Bitcoin used to be something like Schrodinger’s currency. Without regulatory observers, it could claim to be money and property at the same time.
Now the Internal Revenue Service has opened the box, and the virtual currency’s condition is established – at least for federal tax purposes.
The IRS recently issued guidance on how it will treat bitcoin, and any other stateless electronic competitor. The short answer: as property, not currency. Bitcoin, along with other virtual currencies that can be exchanged for legal tender, will now be treated in most cases as a capital asset, and in a few situations as inventory. Bitcoin holders who are not dealers will be subject to capital gains tax on increases in value. Bitcoin “miners,” who unlock the currency’s algorithms, will need to report their finds as income, just as other miners do when extracting more traditional resources.
Though this decision is unlikely to cause much turbulence, it is worth noting. Now that the IRS has made a call, investors and bitcoin exchange enthusiasts can move forward with a more accurate understanding of what they are (virtually) holding. A bitcoin holder who wants to comply with the tax law, rather than evade it, now knows how to do so.
I think the IRS is correct in determining that bitcoin is not money. Bitcoin, and other virtual currencies like it, is too unstable in value for it to realistically be called a form of currency. In this era of floating exchange rates, it’s true that the value of nearly all currencies changes from week to week or year to year relative to any particular benchmark, whether it’s the dollar or a barrel of oil. But a key feature of money is to serve as a store of value. The worth of the money itself should not change drastically from day to day or hour to hour.
Bitcoin utterly fails this test. Buying a bitcoin is a speculative investment. It is not a place to park your idle, spendable cash. Further, to my knowledge, no mainstream financial institution will pay interest on bitcoin deposits in the form of more bitcoins. Any return on a bitcoin holding comes solely from a change in the bitcoin’s value.
Whether the IRS’ decision will help or hurt current bitcoin holders depends on why they wanted bitcoins in the first place. For those hoping to profit directly from bitcoin’s fluctuations in value, this is good news, as the rules for capital gains and losses are relatively favorable to taxpayers. This characterization also upholds the way some high-profile bitcoin enthusiasts, including the Winklevoss twins, have reported their earnings in the absence of clear guidance. (While the new treatment of bitcoin is applicable to past years, penalty relief may be available to taxpayers who can demonstrate reasonable cause for their positions.)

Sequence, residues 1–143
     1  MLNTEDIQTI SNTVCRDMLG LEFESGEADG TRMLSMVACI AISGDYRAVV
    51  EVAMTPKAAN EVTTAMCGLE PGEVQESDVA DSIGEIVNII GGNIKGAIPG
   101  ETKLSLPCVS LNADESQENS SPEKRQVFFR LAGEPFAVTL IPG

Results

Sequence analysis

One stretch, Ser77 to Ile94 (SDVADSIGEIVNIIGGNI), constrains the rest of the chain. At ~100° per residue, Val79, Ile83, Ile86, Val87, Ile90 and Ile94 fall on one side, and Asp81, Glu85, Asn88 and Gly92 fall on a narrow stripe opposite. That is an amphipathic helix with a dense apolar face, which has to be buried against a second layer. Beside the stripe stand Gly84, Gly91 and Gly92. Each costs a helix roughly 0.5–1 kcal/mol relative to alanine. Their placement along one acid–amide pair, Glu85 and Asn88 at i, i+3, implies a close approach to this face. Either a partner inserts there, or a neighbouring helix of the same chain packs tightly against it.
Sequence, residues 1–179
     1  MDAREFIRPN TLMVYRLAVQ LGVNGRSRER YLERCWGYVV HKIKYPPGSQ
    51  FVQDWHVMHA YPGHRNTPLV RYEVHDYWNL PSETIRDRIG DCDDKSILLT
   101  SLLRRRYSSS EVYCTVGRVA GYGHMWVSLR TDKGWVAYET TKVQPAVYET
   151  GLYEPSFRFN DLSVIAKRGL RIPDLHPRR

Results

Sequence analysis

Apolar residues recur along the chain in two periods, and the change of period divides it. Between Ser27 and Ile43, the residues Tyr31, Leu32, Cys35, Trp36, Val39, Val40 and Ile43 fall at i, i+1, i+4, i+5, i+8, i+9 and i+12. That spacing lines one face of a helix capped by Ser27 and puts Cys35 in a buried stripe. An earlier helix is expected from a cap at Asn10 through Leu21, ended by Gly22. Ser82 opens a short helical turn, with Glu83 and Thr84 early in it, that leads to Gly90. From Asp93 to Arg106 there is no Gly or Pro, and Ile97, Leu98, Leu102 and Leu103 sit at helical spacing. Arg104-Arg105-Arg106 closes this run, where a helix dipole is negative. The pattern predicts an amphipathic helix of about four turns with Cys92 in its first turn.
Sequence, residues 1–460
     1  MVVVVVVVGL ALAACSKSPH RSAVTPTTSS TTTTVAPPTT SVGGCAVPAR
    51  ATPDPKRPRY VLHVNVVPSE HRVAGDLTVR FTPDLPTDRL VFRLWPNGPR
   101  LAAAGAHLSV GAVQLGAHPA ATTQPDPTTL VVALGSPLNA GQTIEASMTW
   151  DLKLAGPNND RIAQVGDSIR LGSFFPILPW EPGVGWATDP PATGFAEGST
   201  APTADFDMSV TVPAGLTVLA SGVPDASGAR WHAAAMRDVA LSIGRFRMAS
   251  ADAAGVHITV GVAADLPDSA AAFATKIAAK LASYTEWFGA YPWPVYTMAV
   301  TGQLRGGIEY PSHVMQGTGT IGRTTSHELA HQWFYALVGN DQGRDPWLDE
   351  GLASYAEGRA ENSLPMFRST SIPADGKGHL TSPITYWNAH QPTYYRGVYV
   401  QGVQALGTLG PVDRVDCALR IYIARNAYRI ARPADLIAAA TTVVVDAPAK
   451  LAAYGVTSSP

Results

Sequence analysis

For those hoping to use bitcoin to pay their rent or buy coffee, the decision adds complexity, since spending bitcoin is treated as a taxable form of barter. Those who spend bitcoins, and those who accept them as payment, will both need to note the fair market value of the bitcoin on the date the transaction occurs. This will be used to calculate the spender’s capital gains or losses and the receiver’s basis for future gains or losses.
While the triggering event – the transaction – is easy to identify, determining a particular bitcoin’s basis, or its holding period in order to determine whether short-term or long-term capital gains tax rates apply, may prove challenging. For an investor, that might be an acceptable hassle. But when you are deciding whether to buy your latte with a bitcoin or just pull five dollars out of your wallet, the simplicity of the latter is likely to win the day. The IRS guidance simply makes clear what was already true: Bitcoin isn’t a new form of cash. Its benefits and drawbacks are different.
The IRS has also clarified several other points. If an employer pays a worker in virtual currency, that payment counts as wages for employment tax purposes. And if businesses make payments worth $600 or more to independent contractors using bitcoin, the businesses will be required to file Forms 1099, just as they would if they paid the contractors in cash.
Clearer rules may cause new administrative headaches for some bitcoin users, but they could ensure bitcoin’s future at a time when investors have good reason to be wary. “[Bitcoin is] getting legitimacy, which it didn’t have previously,” Ajay Vinze, the associate dean at Arizona State University’s business school, told The New York Times. He said the IRS decision “puts Bitcoin on a track to becoming a true financial asset.” (1)
Once all bitcoin users can recognize and agree on the type of asset it is, that outcome is likelier.
A minority of bitcoin users saw its former unregulated status as a feature, not a drawback. Some of them oppose government oversight for ideological reasons, while others found bitcoin a useful way to conduct illicit business. But as the recent collapse of prominent bitcoin exchange Mt. Gox demonstrated, unregulated bitcoin exchange can lead to catastrophic losses with no safety net. Some users may have thought they were protecting themselves by fleeing to bitcoin to escape the heavily regulated banking industry, but no regulation at all isn’t the answer either.
The IRS is correct when it says that bitcoin should be treated as property. This certainty may secure the future of an asset that, while it makes poor currency, might be useful to those who want to hold it as property for speculative or commercial reasons.